It’s hard to argue there was a more important — and surprising — musician in 2021 than Olivia Rodrigo. She went from relative unknown to complete superstar, and she did it using, in part, the revived sound of pop-punk.
What a world. No, seriously, what a world. Because I’d argue the specific conditions of 2021 helped resuscitate pop-punk, a genre of music near and dear to my heart (and the hearts of lots of other people born in the early ’90s). Following the new wave punk scene of the ’70s and ’80s, pop-punk went mainstream with commercially successful bands like Sum 41, Blink-182, Paramore, and Green Day. It is exactly what its name implies: a more pop version of punk.
This year was such a strange one, a witch’s brew of half normalcy — some concerts, some school, some seeing family — but persistent pandemic horrors. And each time things seemed to move toward recovery, the world delivered a blow (hello, Delta and Omicron). I cannot imagine experiencing this year as a kid or Gen Z’er in the prime of their young lives.
There’s something to the fact that pop-punk’s resurgence followed the widespread adoption of snark-laden online doomerism, the idea that, well, everything sucks…
It’s such an adult world to be thrust into and as young people took that on, they helped set pop culture’s path, as young people always do.
There’s something to the fact that pop-punk’s resurgence followed the widespread adoption of snark-laden online doomerism, the idea that, well, everything sucks and the impending global emergencies — climate, pandemic, political, etc. — are nearly impossible to reverse. The world’s burning, so we might as well laugh.
Consider these lyrics from Rodrigo, again, perhaps the breakout pop grrrl of the year. This is the opening track, titled “brutal,” of the 18-year-old idol’s debut album. Really take it in.
“I’m so tired that I might
Quit my job, start a new life
And they’d all be so disappointed
‘Cause who am I, if not exploited?
… And I’m so sick of 17
Where’s my fucking teenage dream?
If someone tells me one more time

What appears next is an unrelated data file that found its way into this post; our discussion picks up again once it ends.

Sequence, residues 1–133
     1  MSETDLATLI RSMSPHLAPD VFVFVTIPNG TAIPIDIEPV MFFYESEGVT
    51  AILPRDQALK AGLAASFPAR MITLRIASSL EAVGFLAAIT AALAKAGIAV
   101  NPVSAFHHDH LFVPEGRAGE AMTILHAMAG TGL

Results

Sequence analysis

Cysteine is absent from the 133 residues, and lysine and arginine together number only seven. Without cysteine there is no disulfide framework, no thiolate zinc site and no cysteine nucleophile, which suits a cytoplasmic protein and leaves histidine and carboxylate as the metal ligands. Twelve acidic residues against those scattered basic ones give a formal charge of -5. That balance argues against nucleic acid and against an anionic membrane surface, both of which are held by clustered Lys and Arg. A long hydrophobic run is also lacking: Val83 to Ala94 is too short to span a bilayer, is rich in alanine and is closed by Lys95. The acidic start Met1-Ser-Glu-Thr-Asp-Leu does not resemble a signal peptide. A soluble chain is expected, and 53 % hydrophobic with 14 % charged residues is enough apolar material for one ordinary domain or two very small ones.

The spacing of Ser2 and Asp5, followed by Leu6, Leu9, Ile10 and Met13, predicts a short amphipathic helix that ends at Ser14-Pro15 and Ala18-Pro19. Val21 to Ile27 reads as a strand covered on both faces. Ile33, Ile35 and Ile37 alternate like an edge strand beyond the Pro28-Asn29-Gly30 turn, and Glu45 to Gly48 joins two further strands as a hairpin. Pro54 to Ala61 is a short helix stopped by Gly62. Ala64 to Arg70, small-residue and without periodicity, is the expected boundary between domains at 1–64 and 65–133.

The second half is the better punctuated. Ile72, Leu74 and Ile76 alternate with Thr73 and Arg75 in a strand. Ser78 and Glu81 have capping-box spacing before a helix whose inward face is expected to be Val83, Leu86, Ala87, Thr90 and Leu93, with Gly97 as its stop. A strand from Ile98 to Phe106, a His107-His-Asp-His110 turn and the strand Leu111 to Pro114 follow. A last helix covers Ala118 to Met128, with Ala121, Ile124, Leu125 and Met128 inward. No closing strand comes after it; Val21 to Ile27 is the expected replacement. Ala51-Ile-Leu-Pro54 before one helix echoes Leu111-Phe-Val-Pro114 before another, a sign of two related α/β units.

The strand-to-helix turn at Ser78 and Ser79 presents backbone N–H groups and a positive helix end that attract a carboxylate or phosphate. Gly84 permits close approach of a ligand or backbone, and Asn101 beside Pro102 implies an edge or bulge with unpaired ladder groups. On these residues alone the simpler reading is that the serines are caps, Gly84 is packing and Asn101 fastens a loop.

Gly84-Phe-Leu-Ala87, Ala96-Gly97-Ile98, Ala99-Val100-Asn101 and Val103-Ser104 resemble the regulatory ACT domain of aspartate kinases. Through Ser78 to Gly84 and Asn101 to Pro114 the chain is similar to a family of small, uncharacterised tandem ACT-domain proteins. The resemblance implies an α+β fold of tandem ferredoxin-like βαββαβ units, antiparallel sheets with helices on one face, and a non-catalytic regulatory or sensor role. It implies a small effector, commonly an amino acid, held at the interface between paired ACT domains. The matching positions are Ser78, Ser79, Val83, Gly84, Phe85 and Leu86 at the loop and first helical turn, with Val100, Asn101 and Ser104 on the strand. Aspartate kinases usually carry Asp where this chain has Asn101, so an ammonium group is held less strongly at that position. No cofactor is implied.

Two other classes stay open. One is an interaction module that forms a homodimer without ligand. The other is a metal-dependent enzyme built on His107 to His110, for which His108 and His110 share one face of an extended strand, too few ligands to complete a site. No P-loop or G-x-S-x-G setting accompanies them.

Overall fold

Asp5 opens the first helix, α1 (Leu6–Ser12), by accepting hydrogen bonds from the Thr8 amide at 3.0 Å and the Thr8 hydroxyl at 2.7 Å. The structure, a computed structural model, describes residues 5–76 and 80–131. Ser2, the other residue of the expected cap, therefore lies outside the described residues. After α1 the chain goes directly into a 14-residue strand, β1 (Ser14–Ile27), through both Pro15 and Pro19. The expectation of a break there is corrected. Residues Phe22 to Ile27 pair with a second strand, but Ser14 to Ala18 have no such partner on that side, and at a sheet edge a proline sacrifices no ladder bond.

‘Enjoy your youth,’ I’m gonna cry
And I don’t stick up for myself
I’m anxious and nothing can help
And I wish I’d done this before
And I wish people liked me more
… All I did was try my best
This the kind of thanks I get?
Unrelentlessly upset (ah, ah, ah)
They say these are the golden years
But I wish I could disappear
Ego crush is so severe
God, it’s brutal out here”
This song unquestionably kicks ass, and without question it also borrows its sound from the pop-punk of the late ’90s and early 2000s. (For what it’s worth, Rodrigo takes her style cues from that era too.) But it’s also what’s resonating with her target audience, aka teens and twentysomethings, and thus the culture writ large. Rodrigo’s “good 4 u” even sounded, well, a lot like Paramore’s “Misery Business,” a classic of the pop-punk genre — so much so that those similarities landed Paramore’s Hayley Williams and Joshua Farro retroactive songwriting credits on the track.
And it wasn’t just Rodrigo leading the pop-punk charge. Machine Gun Kelly reinvented himself, ditching rap for angsty, quaint rock songs that echoed Blink-182. Meet Me @ The Alter turned the 2000s, white guy pop-punk paradigm on its head with kick-ass songs like “Hit Like A Girl.” “Meet Me At Our Spot” — from the Anxiety, Willow, and Tyler Cole — was a legit trend on TikTok, soundtracking more than 400,000 videos on the app.
Pop-punk was even a massive part of K-pop this year, with groups like Tomorrow X Together and ENHYPEN embracing the sound on a global scale. Though referring to K-pop as only one type of music is reductive, it’s still surreal to see a style and sound so familiar to my youth in Wilmington, Delaware become hugely influential to young people in South Korea and throughout other parts of the world today.
Now, to be clear, I’m not here to say that the specific hellscape of the last two years inspired this revival. I think we’d been heading that direction. After all, cultural trends are cyclical, resurfacing every 20 years or so. The punk movement of the late ’70s gave way to the birth of pop-punk in the early 2000s, which has ultimately inspired this current wave of stars — Rodrigo, Halsey, Machine Gun Kelly, YUNGBLUD, and more — to get loud. That being said, 2021 was the perfect year for a pop-punk renaissance.